The black community forms a group that allows black individuals to prop each other up in order to face the racism and injustice of the South. They form this community through storytelling and going to Church, and by organizing in specific instances to stand up for the community—like in the instance of Papa’s boycott, for example.
For Cassie, there is nothing more important than family. For example, Cassie is shocked when Jeremy says that he doesn’t like his older brothers because she believes that family takes precedence over everything else. The characters who don’t stick by their families—like T.J.—get into trouble and ultimately drag others down with them, while characters who think first of others—like Papa—strengthen the community around them. On the other hand, friendships are shown to be potentially dangerous things in the novel. The relationships between Stacey and Jeremy and Stacey and T.J., for example, work out badly (for different reasons), and Cassie doesn’t have any close ties to anyone outside of her family. Only family is there every time, all the time.
Family and Community ThemeTracker
Family and Community Quotes in Roll of Thunder, Hear My Cry
I asked him once why he had to go away, why the land was so important. He took my hand and said in his quiet way: “Look out there, Cassie girl. All that belongs to you. You ain’t never had to live on nobody’s place but your own and long as I live and the family survives, you’ll never have to. That’s important. You may not understand that now, but one day you will. Then you’ll see.”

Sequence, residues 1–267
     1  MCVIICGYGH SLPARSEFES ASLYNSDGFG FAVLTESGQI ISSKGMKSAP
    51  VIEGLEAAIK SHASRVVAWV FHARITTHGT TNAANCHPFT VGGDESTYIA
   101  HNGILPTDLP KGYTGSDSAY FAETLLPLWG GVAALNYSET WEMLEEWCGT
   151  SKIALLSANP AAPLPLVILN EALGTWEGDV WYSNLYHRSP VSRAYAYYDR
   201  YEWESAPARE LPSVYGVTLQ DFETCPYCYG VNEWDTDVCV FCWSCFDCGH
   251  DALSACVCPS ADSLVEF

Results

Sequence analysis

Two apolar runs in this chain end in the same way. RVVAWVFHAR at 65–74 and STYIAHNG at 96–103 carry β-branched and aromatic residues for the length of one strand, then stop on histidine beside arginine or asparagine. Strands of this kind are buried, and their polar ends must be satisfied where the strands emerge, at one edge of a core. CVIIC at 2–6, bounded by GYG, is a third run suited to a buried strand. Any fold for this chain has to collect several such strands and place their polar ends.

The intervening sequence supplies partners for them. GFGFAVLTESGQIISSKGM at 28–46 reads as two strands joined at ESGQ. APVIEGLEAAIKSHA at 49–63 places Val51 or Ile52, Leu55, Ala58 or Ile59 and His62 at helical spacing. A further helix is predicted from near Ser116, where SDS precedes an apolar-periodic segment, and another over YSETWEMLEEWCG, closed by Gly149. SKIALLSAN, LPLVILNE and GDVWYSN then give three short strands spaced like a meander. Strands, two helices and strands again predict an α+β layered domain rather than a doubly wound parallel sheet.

Papa sat very quietly while the Laniers and the Averys talked, studying them with serious eyes. Finally, he took the pipe from his mouth and made a statement that seemed to the boys and me to be totally disconnected with the conversation. “In this family, we don’t shop at the Wallace store.”
“See, fellows, there’s a system to getting out of work,” T.J. was expounding as I sat down. “Jus’ don’t be ‘round when it’s got to be done. Only thing is, you can’t let your folks know that’s what you’re doin’.”
“Friends gotta trust each other, Stacey, ‘cause ain’t nothin’ like a true friend.” And with those words of wisdom he left the room, leaving us to wonder how he had managed to slink out of this one.
In quiet anger she glared at Stacey and admonished, “In this house we do not give away what loved ones give to us. Now go bring me that coat.”
“Far as I’m concerned, friendship between black and white don’t mean that much ‘cause it usually ain’t on a equal basis. Right now you and Jeremy might get along fine, but in a few years he’ll think of himself as a man but you’ll probably still be a boy to him. And if he feels that way, he’ll turn on you in a minute.”
Mr. Morrison lowered his eyes and looked around the room until his gaze rested on the boys and me. “I ain’t ever had no children of my own. I think sometimes if I had, I’d’ve wanted a son and daughter just like you and Mr. Logan…and grandbabies like these babies of yours…”
Uncle Hammer put his arm around Papa. “What good’s a car? It can’t grow cotton. You can’t build a home on it. And you can’t raise four fine babies in it.”
What had happened to T.J. in the night I did not understand, but I knew that it would not pass. And I cried for those things which had happened in the night and would not pass.
I cried for T.J. For T.J. and the land.